A claim to $1 million for meeting a lawyer’s dare made on Dateline NBC is now dead. The case is over thanks to an opinion, by Judge Wilson for the 11th Circuit, that will be in the next editions of all Contracts casebooks: it provides a comprehensive, careful and contestable treatment of unilateral contracts.
Former law student Dustin Kolodziej filed the case in 2009 against high-profile Florida defense lawyer, James Cheney Mason. Prosecutors said Mason’s client, a wealthy businessman on trial for murdering his business partner and others, manufactured an alibi putting him in a La Quinta hotel in Atlanta on the day of the Central Florida murders.
On Dateline NBC, Mason explained his defense, that the state could not show that the trip they imagined the defendant took was possible within the time frame. A vital leg of the journey involved getting off a plane at Atlanta’s busy airport to the hotel five miles away, in less than 30 minutes, where the defendant was seen in security tape early and late in the day.
Mason said he’d pay $1 million if proven wrong. Kolodziej did just that, reenacting the full trip, capturing it on his camcorder, and making the final leg in less than 30 minutes. Kolodziej claimed a valid contract, formed by Mason making an offer of a reward for an act and Kolodziej accepting it by performing the act. Mason called the claim ridiculous.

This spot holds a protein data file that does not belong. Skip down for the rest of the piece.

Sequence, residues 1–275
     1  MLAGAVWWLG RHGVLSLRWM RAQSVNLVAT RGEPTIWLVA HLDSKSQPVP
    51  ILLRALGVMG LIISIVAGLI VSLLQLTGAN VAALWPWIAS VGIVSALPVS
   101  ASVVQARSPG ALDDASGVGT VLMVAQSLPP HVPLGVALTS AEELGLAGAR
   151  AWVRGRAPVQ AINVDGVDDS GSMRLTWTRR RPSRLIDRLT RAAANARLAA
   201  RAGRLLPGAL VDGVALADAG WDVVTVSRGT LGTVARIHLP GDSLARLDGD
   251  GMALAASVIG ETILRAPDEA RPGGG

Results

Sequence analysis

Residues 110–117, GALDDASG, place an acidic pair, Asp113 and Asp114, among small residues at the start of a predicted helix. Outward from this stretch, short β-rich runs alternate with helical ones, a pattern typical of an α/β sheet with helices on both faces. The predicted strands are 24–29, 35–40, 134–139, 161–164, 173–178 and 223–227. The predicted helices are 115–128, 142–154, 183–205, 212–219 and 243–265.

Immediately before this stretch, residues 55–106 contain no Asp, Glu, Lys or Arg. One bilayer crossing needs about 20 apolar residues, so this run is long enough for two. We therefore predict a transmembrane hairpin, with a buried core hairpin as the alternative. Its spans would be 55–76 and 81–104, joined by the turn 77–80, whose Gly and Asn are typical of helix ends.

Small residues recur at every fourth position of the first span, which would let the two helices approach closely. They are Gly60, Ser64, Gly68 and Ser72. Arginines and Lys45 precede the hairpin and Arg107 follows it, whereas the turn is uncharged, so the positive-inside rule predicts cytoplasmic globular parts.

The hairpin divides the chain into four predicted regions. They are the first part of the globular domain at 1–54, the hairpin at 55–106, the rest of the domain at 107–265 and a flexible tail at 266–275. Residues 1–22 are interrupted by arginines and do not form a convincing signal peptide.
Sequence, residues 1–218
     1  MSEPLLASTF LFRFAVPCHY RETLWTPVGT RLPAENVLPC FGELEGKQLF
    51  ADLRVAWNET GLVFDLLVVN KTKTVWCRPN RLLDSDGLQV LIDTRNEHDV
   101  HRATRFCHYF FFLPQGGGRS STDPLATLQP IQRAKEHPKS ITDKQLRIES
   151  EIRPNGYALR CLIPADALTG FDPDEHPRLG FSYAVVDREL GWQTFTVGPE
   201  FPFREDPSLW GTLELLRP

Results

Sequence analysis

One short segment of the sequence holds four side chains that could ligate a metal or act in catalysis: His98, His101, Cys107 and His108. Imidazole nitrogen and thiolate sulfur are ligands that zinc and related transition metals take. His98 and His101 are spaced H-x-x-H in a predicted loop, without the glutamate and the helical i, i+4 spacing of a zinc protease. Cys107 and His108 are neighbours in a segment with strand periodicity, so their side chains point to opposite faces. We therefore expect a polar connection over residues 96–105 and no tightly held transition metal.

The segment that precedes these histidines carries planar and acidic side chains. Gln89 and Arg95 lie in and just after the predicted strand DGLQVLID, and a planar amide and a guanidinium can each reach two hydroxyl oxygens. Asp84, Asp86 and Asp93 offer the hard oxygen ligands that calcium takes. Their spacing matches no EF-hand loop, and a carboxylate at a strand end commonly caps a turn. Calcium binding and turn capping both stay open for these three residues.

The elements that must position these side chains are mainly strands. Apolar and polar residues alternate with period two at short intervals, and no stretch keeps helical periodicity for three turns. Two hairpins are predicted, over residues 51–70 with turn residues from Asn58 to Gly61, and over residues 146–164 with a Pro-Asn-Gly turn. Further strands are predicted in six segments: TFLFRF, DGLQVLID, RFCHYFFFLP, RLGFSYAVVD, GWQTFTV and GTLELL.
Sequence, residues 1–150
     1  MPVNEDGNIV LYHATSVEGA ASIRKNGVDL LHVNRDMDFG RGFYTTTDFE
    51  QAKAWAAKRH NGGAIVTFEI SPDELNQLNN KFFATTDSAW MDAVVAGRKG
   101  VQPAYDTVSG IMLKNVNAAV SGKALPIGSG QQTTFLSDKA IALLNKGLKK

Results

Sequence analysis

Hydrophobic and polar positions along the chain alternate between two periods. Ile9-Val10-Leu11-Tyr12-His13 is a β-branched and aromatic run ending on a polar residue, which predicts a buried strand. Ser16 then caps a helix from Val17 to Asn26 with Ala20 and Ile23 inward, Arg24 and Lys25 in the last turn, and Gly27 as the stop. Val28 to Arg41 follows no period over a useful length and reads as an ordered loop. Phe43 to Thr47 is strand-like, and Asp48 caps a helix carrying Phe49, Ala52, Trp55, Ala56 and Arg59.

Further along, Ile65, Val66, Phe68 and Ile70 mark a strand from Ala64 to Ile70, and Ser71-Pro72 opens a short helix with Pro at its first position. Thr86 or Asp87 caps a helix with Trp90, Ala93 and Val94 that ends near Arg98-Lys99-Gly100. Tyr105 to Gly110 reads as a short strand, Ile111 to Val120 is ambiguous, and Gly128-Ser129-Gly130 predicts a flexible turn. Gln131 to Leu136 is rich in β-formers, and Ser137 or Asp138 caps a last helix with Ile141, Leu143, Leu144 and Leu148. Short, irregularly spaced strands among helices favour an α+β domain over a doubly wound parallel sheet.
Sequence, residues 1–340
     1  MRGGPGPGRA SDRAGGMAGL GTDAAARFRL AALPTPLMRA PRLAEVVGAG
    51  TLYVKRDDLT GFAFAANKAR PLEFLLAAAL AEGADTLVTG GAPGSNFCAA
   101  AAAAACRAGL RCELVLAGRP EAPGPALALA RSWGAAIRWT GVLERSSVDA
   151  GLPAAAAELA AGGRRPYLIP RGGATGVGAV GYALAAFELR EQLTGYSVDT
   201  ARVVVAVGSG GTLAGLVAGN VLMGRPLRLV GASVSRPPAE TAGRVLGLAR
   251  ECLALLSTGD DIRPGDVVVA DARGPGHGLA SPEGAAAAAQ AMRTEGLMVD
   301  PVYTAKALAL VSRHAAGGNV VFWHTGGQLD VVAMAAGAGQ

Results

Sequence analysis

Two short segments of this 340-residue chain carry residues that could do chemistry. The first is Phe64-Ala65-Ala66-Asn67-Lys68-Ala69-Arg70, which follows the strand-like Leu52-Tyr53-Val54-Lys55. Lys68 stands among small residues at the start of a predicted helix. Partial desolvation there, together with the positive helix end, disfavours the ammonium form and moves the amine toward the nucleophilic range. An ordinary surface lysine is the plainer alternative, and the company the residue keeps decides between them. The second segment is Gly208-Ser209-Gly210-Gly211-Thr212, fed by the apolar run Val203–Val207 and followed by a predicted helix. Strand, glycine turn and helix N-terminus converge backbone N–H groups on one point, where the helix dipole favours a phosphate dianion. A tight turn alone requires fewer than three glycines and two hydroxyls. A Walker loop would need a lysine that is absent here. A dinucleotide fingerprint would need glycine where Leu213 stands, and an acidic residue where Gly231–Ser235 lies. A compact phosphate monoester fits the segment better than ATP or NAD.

The case raises a classic issue in contract law, about whether dares to be proven wrong like this are recognized as offers or mere bluffs and jests. The 11th Circuit, affirming a grant of summary judgment, sided with Mason. Stressing context, not only was his bluster about the million a joke, the full text of what he said makes clear he was daring the prosecutors to prove the point, not the general public.
Dave Hoffman correctly predicted this outcome–nice job Dave (here and here)! I thought the case a closer call, as I explained here and in my book, Contracts in the Real World: Stories of Popular Contracts and Why They Matter (Cambridge U Press 2012).
While I am persuaded by Dave and the 11th Circuit’s opinion, I remain convinced that Mason was wrong to call the claim ridiculous. The court takes the claim more seriously, to its credit, though I wish they had engaged more with the arguments put forth in my book (which, alas, the court does not cite).
Hat tip to Jim Gross, currently clerking for the 9th Circuit, who wrote to remind me that we discussed this case on his first day of Contracts class at GW back in 2011. Hat tip also to David George, the lawyer for Kolodziej, who also sent me a copy.